Update 2: Final update on this story, Game Informer has confirmed with a source inside of Microsoft that Adam Orth is no longer working for Microsoft. It's unclear whether Orth resigned of his own will or forcedly.
Update: Microsoft has released an official response via Major Nelson, Larry Hryb's blog:
"We apologize for the inappropriate comments made by an employee on Twitter yesterday. This person is not a spokesperson for Microsoft, and his personal views do not reflect the customer centric approach we take to our products or how we would communicate directly with our loyal consumers. We are very sorry if this offended anyone, however we have not made any announcements about our product roadmap, and have no further comment on this matter."
The rumors claiming that Microsoft's Durango, their next-gen console, will require an always-online connection are so abundant these days it'd difficult not to accept as fact. As such, the question shifts to, "Is the decision to force an always-online connection on gamers an intelligent one?" This is the question Microsoft Studios' Creative Director Adam Orth thought he was casually addressing on Twitter last night.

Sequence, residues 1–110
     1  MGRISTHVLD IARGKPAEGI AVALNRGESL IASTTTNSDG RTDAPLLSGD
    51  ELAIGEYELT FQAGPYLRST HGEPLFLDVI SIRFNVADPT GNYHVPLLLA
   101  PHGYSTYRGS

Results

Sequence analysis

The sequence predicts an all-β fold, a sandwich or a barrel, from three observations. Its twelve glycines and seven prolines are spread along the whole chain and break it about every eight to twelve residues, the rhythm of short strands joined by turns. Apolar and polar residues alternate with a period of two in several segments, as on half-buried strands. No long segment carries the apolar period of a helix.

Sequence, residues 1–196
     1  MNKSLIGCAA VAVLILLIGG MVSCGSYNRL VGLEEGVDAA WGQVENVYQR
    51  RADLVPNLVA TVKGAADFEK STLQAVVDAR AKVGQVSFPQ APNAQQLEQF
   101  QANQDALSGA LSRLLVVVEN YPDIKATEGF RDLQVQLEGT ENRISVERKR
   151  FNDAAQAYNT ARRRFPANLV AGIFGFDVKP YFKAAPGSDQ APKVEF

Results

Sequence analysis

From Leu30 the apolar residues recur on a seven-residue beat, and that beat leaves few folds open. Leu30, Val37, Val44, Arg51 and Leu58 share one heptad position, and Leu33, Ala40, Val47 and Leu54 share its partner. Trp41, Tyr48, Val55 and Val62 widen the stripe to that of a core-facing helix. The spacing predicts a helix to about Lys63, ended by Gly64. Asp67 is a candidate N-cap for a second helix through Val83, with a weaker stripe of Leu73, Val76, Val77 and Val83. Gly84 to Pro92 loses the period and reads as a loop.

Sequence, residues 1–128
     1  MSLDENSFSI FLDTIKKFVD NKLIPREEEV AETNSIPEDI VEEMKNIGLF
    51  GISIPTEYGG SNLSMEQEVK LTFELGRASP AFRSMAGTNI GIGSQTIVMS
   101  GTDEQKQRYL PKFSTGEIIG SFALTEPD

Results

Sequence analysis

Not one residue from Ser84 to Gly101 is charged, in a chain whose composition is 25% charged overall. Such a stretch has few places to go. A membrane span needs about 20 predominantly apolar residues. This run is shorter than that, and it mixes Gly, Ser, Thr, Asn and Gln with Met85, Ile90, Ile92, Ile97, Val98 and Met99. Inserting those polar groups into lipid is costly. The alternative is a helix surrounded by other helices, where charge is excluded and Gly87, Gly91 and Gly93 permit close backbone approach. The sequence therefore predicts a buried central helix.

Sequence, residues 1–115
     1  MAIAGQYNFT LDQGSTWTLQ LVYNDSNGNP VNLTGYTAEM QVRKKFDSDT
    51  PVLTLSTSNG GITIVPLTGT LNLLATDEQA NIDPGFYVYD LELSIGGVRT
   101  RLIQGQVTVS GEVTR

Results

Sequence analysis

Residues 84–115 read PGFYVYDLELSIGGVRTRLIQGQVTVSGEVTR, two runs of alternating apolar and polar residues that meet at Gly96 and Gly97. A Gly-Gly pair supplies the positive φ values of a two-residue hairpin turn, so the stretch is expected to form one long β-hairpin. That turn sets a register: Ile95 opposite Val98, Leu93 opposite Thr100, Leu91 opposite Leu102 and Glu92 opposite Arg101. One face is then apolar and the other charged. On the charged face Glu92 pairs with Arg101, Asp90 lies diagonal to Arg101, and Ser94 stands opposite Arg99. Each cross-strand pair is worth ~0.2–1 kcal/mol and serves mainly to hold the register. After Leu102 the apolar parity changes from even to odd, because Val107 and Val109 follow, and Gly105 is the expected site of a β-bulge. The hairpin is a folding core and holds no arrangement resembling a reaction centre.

Unfortunately, it seems he forgot he was being watched by the internet:
As is obvious, these are just small portions of Adam Orth's Twitter feed. We would have linked this Twitter directly, but Adam has since turned the account private. Apparently he claimed after turning his account private that a majority of his comments were just daily "back and forth" comments with Manveer, a gameplay designer at BioWare. Orth added that he was simply "trolling" Manveer." Manveer Heir's Twitter account is still open and he's responding to questions.
Whether Orth was "trolling" or not, the effects of the conversation are apparent. A Reddit post containing the above images made it to the top of the front page in a matter of minutes, with nary a positive or defensive comment for Orth among its replies. Whether people are interested in the idea of "always-online" or not, people have not been receptive to Orth's "argument."
Unfortunately, Microsoft's console has yet to even be announced yet, so we don't know if the console will truly be always online or why they'd implement such a service. Perhaps it's so they can give everyone free Netflix and Game of Thrones. Then who'd have egg on their face?
Until we know the truth of the next Xbox, I guess we'll just go on dealing with it.